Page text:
The firm texture of Bramley apples is a vital quality which contributes to producing a ‘melt in the mouth’ moist texture when cooked. Dessert apples can produce a chewy, dissatisfying texture because they contain up to 20 % more dry matter than Bramley apples.
The United Kingdom’s Good Housekeeping Institute has conducted research that confirms Bramley apples’ superiority over dessert apple varieties when cooked in popular recipes. The Bramley was tested against Granny Smith, Braeburn and Golden Delicious apples. All the apples where treated identically using recipes taken from the Good Housekeeping recipe book, including traditional apple pie, and were tested for flavour, texture and overall quality when cooked. The research showed that Bramley performs better than all the dessert apple varieties in traditional British apple pies.
Bramley’s Seedling was discovered in around 1809 by Miss Mary Anne Brailsford (a seedling grown by nature in response to a unique temperate island climate). It was planted in a garden in Southwell, Nottinghamshire. The fruits of the grafted Bramley apple were first exhibited before the Royal Horticultural Society’s Fruit Committee on 6 December 1876. They were highly commended.
During the Victorian Age, there was a quest to develop single purpose culinary apple varieties for the ultimate apple pie recipe. At the 1883 National Apple Congress the Bramley was acclaimed as the best suited variety for apple pies. It has therefore become a popular tradition.
In October 1887, Bramley Seedlings received a First Class Certificate by the Committee of the Royal Jubilee Exhibition of Apples held in Manchester.
Bramley’s seedling is a unique single purpose culinary apple (it is not usually eaten raw as most people would find it too acidic). It produces both a distinctive flavour and individual texture and it is these qualities which have created and perpetuated the tradition of the apple pie.
The British did not favour the American notion of an apple to spike with a fork, nor the French style with its decorative topping of apple slices, both of which require that an apple keeps its shape when cooked and are therefore less acidic than a proper ‘cooker’. Whether the preferences or the apples came first is an open question but ‘Bramley’s Seedlings’, with the highest acidity levels of any ‘cooker’ passed the English tests with honours. Plentiful acidity and the resulting characteristic sharp fruity taste also ensured its continuing use.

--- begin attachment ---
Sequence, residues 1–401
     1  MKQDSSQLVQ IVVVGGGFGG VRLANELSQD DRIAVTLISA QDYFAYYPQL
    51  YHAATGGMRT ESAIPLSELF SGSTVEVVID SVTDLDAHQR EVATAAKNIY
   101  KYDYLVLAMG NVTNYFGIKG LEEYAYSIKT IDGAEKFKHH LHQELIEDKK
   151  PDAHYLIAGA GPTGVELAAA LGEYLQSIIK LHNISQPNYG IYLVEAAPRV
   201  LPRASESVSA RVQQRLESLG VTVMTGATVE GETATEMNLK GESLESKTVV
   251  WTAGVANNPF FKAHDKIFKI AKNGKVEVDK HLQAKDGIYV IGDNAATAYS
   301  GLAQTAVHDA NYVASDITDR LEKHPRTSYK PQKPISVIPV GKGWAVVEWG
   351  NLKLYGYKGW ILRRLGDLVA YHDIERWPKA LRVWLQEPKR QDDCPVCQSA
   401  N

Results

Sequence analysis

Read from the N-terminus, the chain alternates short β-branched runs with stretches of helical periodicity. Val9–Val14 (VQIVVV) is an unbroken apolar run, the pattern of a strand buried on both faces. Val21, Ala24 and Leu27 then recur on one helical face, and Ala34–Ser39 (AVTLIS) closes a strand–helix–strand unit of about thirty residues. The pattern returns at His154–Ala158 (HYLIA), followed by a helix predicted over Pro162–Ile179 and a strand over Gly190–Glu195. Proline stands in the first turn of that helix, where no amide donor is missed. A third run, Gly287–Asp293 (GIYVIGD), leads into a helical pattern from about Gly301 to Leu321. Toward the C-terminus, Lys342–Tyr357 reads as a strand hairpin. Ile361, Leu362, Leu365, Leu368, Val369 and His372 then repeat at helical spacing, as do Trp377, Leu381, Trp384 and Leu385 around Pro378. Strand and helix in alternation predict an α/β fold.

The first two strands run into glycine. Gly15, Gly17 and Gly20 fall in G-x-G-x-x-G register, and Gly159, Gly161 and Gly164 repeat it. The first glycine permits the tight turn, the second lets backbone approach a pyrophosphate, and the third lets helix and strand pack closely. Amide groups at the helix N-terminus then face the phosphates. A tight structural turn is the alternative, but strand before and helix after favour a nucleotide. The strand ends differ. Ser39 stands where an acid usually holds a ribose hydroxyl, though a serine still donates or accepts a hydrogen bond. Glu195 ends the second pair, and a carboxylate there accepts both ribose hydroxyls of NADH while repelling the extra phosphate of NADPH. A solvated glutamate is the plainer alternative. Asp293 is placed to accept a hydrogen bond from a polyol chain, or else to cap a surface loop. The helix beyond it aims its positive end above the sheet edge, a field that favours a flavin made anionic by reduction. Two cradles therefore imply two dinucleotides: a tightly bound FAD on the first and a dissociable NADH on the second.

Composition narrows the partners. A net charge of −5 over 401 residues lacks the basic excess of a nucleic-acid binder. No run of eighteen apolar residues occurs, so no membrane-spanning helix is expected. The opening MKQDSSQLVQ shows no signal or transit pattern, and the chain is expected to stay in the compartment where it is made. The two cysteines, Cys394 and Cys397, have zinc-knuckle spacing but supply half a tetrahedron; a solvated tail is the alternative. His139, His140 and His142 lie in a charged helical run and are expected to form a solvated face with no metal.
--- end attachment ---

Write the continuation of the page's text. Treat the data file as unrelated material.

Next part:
The early tradition of covering pieces of sliced Bramley in lemon juice (or some other acidic juice) to prevent them turning brown has remained unchanged and is the same as the Traditional Bramley Apple Pie Filling recipe used commercially today.
A number of the United Kingdom’s leading chefs have provided testimonials directly to UK Apples & Pears, to the effect that the recipe for Traditional Bramley Apple Pie Filling has remained unchanged since it was popularised following the National Apple Congress of 1883:
Some apple pie fillings including other Bramley apple pie fillings may contain a mix of apple varieties and these do not adhere to our definition of ‘Traditional Bramley Apple Pie Filling’, which is made using Bramley apples exclusively. Similarly, the use of artificial preservatives would not adhere to our definition of ‘Traditional Bramley Apple Pie Filling’.
Upon delivery to the processor, the fruit must be sound, clean, whole and ripe. Apple must be free from severe skin blemish and free from cuts and bruises > 0,5 mm in depth. Colour should be green and typical of the Bramley variety, ranging from very dark green to a lighter shade of green colour covering the whole skin of the apple; not yellow/green, yellow.
A range of fruit size is acceptable, between 65 mm-115 mm. 7.3.2015 EN Official Journal of the European Union C 80/31
Texture should be of a good, firm, crispy texture.
Due to the soft nature of the fruit, processing conditions must be such to minimise mechanical impact during preparation and processing. The Bramley shape is irregular and specialist sizing, peeling coring and handling equipment is required to meet the specification. Once peeled and cored, apples must be inspected and hand trimmed. Apple may be dipped in an antioxidant dip, which is then shaken off, then drained to remove any excess. Apple to be stored in chilled conditions < 5 °C prior to use.
Other than the above ingredients, Traditional Bramley Apple Filling should contain only water and sugar, with the option of Bramley apple purée and cornflour. Variations on the recipe are permissible, but not the ingredients. The blending and pumping process must be such that it produces a homogenous blend with good fruit definition. Pie filling to be tested, every batch, for pH, total soluble solids, viscosity, colour, flavour to verify specification parameters are met. Levels may vary between manufacturers, depending on the end customer’s specification. Products must be labelled to ensure full traceability and maintained in chilled storage/distribution.